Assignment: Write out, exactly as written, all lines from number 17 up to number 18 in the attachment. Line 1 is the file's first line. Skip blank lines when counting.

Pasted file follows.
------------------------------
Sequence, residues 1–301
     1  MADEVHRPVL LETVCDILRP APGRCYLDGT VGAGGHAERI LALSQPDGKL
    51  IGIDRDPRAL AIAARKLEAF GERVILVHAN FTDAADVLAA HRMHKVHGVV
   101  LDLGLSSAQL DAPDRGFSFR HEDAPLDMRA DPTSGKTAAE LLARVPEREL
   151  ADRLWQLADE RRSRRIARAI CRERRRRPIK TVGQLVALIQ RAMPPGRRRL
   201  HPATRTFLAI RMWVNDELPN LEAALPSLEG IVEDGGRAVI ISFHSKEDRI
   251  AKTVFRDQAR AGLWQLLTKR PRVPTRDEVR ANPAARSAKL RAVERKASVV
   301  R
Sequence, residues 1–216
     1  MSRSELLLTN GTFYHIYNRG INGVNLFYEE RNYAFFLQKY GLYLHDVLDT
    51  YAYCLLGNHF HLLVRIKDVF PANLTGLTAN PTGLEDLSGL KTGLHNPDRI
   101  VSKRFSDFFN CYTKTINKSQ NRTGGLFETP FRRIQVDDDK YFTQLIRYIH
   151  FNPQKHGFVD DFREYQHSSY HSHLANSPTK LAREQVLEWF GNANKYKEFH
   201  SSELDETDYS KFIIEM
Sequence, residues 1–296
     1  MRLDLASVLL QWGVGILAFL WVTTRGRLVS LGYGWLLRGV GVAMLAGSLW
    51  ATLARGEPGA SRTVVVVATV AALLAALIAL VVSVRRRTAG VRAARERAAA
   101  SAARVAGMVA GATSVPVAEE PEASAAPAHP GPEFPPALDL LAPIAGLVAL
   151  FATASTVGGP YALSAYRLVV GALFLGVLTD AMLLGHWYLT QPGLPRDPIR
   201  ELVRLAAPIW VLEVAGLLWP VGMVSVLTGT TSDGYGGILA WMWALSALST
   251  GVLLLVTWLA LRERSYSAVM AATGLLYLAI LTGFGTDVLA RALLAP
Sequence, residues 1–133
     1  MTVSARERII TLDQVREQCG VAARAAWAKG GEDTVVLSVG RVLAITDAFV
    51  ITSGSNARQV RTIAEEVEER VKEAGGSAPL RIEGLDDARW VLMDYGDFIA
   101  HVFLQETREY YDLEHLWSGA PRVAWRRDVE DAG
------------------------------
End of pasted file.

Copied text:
    51  ATLARGEPGA SRTVVVVATV AALLAALIAL VVSVRRRTAG VRAARERAAA
   101  SAARVAGMVA GATSVPVAEE PEASAAPAHP GPEFPPALDL LAPIAGLVAL